It was unclear whether the large crowd gathered Thursday to listen to retired Lt. Gen. Jay Garner wanted war stories or answers to their confusion about the war in Iraq.
By the end of his two-hour talk, Garner had given them both.
In 2003, Garner was named the first director of the Office of Reconstruction and Humanitarian Assistance in Iraq. On Thursday, he gave the fourth and final lecture in this summer's Seminars at Steamboat: Dialogues on Public Policy series.
His first story began in the White House during a meeting he had with Condoleezza Rice and Donald Rumsfeld and ended in Iraq, "near the birthplace of civilization, which was going to become a birthplace of democracy," Garner said.
After he painted a scene for those present, he began listing and explaining the myths about the United States' presence in Iraq.
"The first myth is that we did not plan for post-war Iraq," he said. "The second is that the terrorism took us by surprise."
The biggest myth of all, he said, was that Iraq was better before the war. Under the rule of Saddam Hussein, agricultural production dropped and technology in the oil fields never updated.
"In Iraq, under Saddam, the government spent 90 cents per year per person on health care," he said. "And the sewage system was in such bad shape that 200 metric tons of sewage was dumped in the Tigris River each day.
"We didn't realize how badly the infrastructure had deteriorated."
Since liberating Iraq from Hussein's rule, hospitals, schools and universities had been refurbished and hundreds of Iraqis have been hired to pick up garbage in city streets to reduce the chances of disease epidemics, he said.
But Iraq still is struggling. To understand what needs to happen next in Iraq, people need only to study the history of the United States, a country with a democratic government that has gone through many changes during the past 200 years, Garner said. There was a time when U.S. citizens had slaves and when blacks and women could not vote, he said.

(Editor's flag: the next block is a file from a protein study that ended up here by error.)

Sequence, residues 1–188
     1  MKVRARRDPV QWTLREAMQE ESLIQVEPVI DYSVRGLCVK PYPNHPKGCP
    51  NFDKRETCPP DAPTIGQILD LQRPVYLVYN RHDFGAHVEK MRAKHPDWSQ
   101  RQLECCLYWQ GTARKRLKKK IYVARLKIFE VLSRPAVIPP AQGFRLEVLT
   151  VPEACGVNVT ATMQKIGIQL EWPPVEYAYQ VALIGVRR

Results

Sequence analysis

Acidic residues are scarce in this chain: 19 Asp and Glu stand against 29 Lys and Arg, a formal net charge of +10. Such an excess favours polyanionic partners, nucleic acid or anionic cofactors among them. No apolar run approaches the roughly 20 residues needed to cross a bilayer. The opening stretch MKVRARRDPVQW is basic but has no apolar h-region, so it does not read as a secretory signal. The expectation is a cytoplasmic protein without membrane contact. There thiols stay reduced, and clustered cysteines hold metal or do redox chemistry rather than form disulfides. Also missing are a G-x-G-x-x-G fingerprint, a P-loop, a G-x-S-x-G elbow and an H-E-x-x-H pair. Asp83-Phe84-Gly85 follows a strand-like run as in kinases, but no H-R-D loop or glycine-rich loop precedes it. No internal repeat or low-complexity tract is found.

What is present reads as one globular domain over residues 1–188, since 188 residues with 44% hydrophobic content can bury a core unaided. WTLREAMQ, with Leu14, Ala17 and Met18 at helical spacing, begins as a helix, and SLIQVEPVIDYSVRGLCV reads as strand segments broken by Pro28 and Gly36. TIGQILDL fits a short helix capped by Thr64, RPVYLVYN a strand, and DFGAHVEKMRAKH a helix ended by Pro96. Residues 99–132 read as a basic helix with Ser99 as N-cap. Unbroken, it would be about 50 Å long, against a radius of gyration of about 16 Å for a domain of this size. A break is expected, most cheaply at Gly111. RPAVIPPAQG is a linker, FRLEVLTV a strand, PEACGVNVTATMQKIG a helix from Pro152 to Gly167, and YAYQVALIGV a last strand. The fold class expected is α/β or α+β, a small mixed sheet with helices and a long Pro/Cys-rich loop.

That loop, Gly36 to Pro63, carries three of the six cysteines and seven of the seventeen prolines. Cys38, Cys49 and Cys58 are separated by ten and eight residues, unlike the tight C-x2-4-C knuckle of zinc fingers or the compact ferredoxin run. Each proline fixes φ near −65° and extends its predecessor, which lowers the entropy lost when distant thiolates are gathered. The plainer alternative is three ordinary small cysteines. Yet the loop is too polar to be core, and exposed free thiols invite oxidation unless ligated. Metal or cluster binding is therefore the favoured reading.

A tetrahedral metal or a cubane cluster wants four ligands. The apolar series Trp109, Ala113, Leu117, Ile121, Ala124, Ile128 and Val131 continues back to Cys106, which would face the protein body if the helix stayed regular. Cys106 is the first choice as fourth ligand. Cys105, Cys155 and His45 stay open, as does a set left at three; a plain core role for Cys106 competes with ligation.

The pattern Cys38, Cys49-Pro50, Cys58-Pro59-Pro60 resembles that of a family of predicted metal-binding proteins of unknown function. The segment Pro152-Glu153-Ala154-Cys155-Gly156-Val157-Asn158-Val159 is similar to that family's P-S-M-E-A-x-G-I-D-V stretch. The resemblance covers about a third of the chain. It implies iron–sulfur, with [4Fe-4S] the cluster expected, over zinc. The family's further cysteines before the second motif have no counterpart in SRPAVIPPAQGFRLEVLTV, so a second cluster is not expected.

"We can't take our type of democracy that had developed over all this time and implant it on the Middle East. For Iraqis to have democracy, they need to have it in their own time and in their own comfort zone."
For democracy to work, Iraq first needs a stable economy. When workers feel that they have a market share, they also feel they have a stake in government, he said. "And that's when they stop thinking on the past and look to the future."
Garner proposed that a stable Iraq would best be divided into four federal states with their own police forces, languages, religions and standards of health care and education. Those states would be held together by a weak central government whose priorities would be the military security of the country.
There must be guaranteed rights for women in the new Iraqi constitution, he said, and it must include a provision for the autonomy of the Kurds.
He also suggested a system wherein citizens of the new Iraq would receive a percentage of the annual profits from the country's oil fields, in much the same framework as the annual Permanent Fund Dividend checks received by residents of Alaska.
And the most important step for ensuring Iraq's stability is the employment of youths ages 14 to 26. The idle and disenfranchised males of that age group are the most common recruits for terrorist groups, he said. As a solution, Garner pointed to the Civilian Conservation Corps formed in 1933 by President Franklin D. Roosevelt, which took four million youths off the streets.
His last suggestion was to infuse the country with capital and eliminate Iraq's enormous debt incurred by Saddam Hussein.
"If we don't, they won't be able to pay it," he said. "Even if democracy does take hold, the country will collapse under that debt.
"If there is one thing I want you to believe, it is this: In Iraq, the opportunities are enormous. This is not a Third World country. They have skilled doctors and engineers. They have agricultural resources, national treasures and oil. A wealthy, democratic Iraq could be a reality."
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